Sellers may pay a buyer's portion of closing costs in most markets. Typically requested by cash-strapped buyers, a seller credit at closing involves negotiating a set amount, usually no more than 6 percent of the sale price, and applying it at settlement through the escrow process. Limitations apply to the amount and fees which the credit covers. The seller credit can benefit both the buyer and seller in a transaction.
Some of the benefits of the seller paying the buyer's closing costs include the ability to negotiate a higher sales price, more incentive for the buyer to choose that home above another and the possibility of a surplus.
It Creates Buyer Incentive
The seller credit acts as a strong buyer incentive in markets where inventory outweighs demand, known as a buyer's market. To compete with other sellers, a homeowner may offer a seller credit and include it in his marketing strategy. A home in which the buyer is guaranteed a credit to help with closing costs may appeal more to a buyer who is otherwise hesitant to request or negotiate a credit. Offering to pay all or a portion of the buyer's closing costs indicates a strong motivation to sell, as the seller takes a hit to his bottom line.
You Can Negotiate a Higher Sales Price
Buyers may increase the purchase price to entice a seller to cover their closing costs. Buyers may increase their offer dollar-for-dollar according to the seller credit request. In such cases, the sale price improves; however, the seller's financial take does not.
To profit from a closing cost credit, the seller must increase the sale price sufficiently to offset the credit and obtain a higher price than he would have otherwise. Cash-strapped buyers may agree to increase their price substantially if the home can appraise at value and they can obtain the loan for the higher amount. The seller credit indirectly allows them to finance most of their closing costs.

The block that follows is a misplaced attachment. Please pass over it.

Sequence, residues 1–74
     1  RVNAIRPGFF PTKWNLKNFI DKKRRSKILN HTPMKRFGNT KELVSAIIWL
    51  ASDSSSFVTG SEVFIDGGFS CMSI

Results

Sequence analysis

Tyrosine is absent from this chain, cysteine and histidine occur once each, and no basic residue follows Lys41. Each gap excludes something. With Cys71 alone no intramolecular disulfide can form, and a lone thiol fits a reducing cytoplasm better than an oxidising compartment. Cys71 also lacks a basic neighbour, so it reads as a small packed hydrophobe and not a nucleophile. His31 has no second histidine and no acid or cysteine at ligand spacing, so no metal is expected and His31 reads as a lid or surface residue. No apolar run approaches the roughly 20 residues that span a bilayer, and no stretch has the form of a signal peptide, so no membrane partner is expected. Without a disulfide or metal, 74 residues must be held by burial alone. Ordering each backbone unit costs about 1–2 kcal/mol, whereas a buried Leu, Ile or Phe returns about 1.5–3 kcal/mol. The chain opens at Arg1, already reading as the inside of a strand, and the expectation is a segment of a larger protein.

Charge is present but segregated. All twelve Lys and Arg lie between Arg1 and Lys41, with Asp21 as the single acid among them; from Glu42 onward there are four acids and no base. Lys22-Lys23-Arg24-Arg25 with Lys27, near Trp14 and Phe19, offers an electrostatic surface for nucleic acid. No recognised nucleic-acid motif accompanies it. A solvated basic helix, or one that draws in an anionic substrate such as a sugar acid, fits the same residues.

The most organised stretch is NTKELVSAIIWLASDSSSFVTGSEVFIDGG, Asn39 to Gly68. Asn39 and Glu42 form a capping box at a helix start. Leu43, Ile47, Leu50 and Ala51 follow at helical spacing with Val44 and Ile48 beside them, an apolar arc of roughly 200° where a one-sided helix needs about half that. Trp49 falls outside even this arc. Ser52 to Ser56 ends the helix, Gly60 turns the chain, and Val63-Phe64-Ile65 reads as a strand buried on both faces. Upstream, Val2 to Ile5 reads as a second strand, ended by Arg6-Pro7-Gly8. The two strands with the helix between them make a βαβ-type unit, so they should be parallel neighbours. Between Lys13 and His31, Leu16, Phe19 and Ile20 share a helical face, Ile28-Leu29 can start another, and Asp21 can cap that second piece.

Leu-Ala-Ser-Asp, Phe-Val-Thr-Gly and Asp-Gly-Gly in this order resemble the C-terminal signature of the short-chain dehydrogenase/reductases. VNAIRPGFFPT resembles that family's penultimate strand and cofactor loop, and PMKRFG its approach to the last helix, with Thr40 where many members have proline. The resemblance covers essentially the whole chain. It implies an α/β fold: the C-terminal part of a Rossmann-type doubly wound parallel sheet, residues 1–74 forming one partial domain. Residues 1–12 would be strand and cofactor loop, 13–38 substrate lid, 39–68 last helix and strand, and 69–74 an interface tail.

There's a Surplus Possibility
At the end of a transaction, the seller may end up with more money than anticipated. Buyer's who ask for a seller credit at the onset of a transaction may overestimate their closing costs. Because seller credits may cover loan costs, or points, the seller can buy down the buyer's interest rate.
In a market of falling rates, the cost of a low interest rate may fall from one day to another, leaving a surplus. A seller may keep the unused portion of the credit at closing if the buyer does not renegotiate in advance. Renegotiation and acceptance of new contract terms during a transaction is voluntary.
The seller credit may be the only way a cash-strapped buyer can purchase the home. Low- and moderate-income buyers who rely on financing may have only enough to cover the down payment, which ranges from 3.5 percent with the Federal Housing Administration to 20 percent with conventional financing.
Borrowers with no down payment funds who obtain loans backed by the Department of Veterans Affairs or the Department of Agriculture often need help with closing costs. When capable buyers are scarce, providing a seller credit can mean the difference between selling the home and not.
- Redfin: What is a Buyer's Market?
- Bankrate.com: 5 Mortgages That Require no Down Payment or a Small One
- Fearless Homebuyer: Getting the Seller to Pay Closing Costs
- The Mortgage Reports: Should I Pay the Buyer's Closing Costs?
- Consumer Financial Protection Bureau. "What Fees or Charges Are Paid When Closing on a Mortgage and Who Pays Them?" Accessed April 5, 2020.
- Department of Housing and Urban Development. "Let FHA Loans Help You." Accessed April 5, 2020.
- Department of Veterans Affairs. "Ten Things Most Veterans Don't Know About V.A. Loans." Accessed April 5, 2020.
- Consumer Action. "You Can Buy a Home," Page 1. Accessed April 5, 2020.
- Consumer Financial Protection Bureau. "Is There Such a Thing as a No-Cost or No-Closing Loan or Refinancing? Accessed April 5, 2020.
- U.S. News and World Report. "How Do Seller Concessions Work?" Accessed April 5, 2020.
- Nolo. "Escrow and Your Role as Home Seller." Accessed April 5, 2020.
Karina C. Hernandez is a real estate agent in San Diego. She has covered housing and personal finance topics for multiple internet channels over the past 10 years. Karina has a B.A. in English from UCLA and has written for eHow, sfGate, the nest, Quicken, TurboTax, RE/Max, Zacks and Opposing Views.